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Our Inspector's View

Set in 272 acres of some of Cheshire's most beautiful parkland, this 18th-century Georgian country house is certainly an idyllic retreat. The hotel boasts extensive leisure facilities, including a championship golf course, swimming pool, gym and spa. Bedrooms are well equipped and elegantly furnished, and include a number of superior rooms and suites.

Awards, Accolades & welcome Schemes

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4 Star Hotel
award
2-Rosette restaurant

Georgian country house in 272 acres of parkland with comfortable luxury

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- AA Inspector
Mottram Hall
Wilmslow Road, MOTTRAM ST ANDREW, Prestbury, SK10 4QT
Phone : 01625 828135

Features

Rooms
  • En-suite rooms: 120
  • Family rooms: 16
  • Bedrooms Ground: 28
  • Free TV
  • Broadband available
  • WiFi available
Children
  • Children welcome
  • Ironing facilities
  • Cots provided
  • High chairs
Leisure
  • Indoor Pool
  • Golf Course
  • Hard Tennis Court
  • Gym available
  • Spa Available
  • Christmas entertainment programme
  • New Year entertainment programme
Facilities
  • Lift available
  • Night porter available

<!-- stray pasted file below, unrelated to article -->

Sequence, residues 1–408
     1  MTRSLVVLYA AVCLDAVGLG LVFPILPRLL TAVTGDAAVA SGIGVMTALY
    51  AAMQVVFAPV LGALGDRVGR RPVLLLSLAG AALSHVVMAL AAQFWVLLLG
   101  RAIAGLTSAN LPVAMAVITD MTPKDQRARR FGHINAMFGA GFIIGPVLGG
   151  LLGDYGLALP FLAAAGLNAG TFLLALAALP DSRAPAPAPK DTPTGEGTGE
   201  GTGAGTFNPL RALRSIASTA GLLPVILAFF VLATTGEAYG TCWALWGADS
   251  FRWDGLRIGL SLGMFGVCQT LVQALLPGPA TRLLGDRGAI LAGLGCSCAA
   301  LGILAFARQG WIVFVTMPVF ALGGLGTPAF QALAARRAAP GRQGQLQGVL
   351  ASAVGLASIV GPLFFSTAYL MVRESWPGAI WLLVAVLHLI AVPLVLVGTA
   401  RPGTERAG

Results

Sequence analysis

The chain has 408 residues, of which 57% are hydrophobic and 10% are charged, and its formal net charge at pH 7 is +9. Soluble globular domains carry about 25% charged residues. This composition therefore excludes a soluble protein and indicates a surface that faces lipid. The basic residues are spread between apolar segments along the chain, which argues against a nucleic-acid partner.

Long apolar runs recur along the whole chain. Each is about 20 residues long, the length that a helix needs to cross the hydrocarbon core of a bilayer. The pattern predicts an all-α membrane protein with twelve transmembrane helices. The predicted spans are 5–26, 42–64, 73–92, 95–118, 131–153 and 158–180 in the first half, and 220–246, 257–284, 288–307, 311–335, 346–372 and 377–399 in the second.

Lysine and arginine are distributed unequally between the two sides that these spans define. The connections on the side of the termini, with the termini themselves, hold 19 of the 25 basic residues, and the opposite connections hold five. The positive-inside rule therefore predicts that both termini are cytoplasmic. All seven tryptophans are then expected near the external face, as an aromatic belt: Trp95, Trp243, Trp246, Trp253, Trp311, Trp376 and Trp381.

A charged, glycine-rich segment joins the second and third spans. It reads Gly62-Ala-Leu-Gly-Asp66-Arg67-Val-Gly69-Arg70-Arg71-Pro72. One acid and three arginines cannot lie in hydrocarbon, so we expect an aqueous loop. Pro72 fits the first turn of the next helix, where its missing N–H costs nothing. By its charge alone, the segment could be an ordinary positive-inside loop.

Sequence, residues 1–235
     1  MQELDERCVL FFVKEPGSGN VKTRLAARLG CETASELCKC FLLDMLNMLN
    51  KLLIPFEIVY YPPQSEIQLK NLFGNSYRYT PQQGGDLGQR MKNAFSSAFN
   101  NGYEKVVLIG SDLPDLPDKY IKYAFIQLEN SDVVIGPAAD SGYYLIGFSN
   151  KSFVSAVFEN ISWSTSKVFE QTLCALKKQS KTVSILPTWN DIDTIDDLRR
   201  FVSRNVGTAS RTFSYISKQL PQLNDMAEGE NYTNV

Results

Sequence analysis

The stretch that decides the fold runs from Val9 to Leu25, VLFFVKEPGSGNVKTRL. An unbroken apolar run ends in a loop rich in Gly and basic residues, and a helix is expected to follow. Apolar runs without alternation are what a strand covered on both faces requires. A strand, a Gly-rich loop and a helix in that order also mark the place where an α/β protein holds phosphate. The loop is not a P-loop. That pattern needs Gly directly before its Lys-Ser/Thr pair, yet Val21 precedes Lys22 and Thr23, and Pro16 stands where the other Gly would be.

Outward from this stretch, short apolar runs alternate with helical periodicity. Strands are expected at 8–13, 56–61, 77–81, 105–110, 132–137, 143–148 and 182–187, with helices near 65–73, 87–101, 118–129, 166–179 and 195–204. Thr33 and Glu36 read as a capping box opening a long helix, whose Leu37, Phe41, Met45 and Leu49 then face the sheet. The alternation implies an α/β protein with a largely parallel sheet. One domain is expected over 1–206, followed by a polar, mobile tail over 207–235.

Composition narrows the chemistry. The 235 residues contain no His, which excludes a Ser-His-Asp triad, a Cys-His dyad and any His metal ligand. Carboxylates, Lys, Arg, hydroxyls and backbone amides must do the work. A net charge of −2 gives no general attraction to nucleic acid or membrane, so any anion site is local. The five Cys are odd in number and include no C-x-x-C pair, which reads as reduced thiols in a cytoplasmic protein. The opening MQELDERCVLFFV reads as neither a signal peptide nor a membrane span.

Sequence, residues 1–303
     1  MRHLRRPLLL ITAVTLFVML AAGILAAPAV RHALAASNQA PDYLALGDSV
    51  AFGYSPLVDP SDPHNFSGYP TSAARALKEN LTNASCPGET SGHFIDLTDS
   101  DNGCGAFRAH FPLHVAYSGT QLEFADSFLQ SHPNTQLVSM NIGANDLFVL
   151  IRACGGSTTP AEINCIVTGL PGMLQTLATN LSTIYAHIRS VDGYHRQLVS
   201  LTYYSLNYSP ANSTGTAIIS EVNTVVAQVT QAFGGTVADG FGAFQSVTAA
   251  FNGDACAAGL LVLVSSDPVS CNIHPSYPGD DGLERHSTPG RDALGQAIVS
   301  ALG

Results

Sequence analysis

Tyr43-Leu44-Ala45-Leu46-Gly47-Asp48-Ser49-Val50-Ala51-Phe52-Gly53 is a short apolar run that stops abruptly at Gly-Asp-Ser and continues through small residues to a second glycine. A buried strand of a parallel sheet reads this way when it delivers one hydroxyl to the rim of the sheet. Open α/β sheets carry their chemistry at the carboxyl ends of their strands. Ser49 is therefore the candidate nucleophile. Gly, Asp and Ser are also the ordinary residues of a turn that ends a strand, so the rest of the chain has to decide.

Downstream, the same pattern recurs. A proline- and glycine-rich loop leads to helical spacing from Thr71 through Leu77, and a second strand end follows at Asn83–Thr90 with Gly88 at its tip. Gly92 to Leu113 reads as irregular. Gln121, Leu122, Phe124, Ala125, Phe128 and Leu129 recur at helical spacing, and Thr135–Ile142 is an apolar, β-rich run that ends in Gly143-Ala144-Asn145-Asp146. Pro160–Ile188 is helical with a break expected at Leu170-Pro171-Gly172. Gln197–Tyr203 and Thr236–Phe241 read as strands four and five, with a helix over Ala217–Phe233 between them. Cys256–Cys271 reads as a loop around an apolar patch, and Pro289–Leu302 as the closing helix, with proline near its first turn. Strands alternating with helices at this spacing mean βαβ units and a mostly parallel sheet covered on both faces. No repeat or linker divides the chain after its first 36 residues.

• Outdoor parking spaces: 300
Accessibility
  • Accessible bedrooms: 3
  • Walk-in showers
Room Rates
  • Single room, minimum price: £99
  • Double room, minimum price: £111
Opening Times
  • Open all year
Weddings
  • Maximum number of guests: 160

About The area

Discover Cheshire

Nestled between the Welsh hills and Derbyshire Peaks, the Cheshire plains make an ideal location to take things slow and mess around in boats. Cheshire has more than 200 miles (302 km) of man-made waterways, more than any other county in England. The Cheshire Ring is formed from the Rochdale, Ashton, Peak Forest, Macclesfield, Trent and Mersey and Bridgewater canals. This route takes you through a lot of Cheshire, and bits of other counties as well.

While exploring the county’s waterways, covering ground on foot or admiring the typical white plaster and black timber-frame houses, make sure to have a taste of Cheshire’s most famous produce. Although Cheddar has become Britain’s most popular cheese (accounting for over half of the cheese sales in the UK), it was once Cheshire cheese that was in every workman’s pocket back in the 18th century. Its moist, crumbly texture and slightly salty taste mean it goes well with fruit, peppers or tomatoes. As well as the usual white, there are also red and blue veined varieties.

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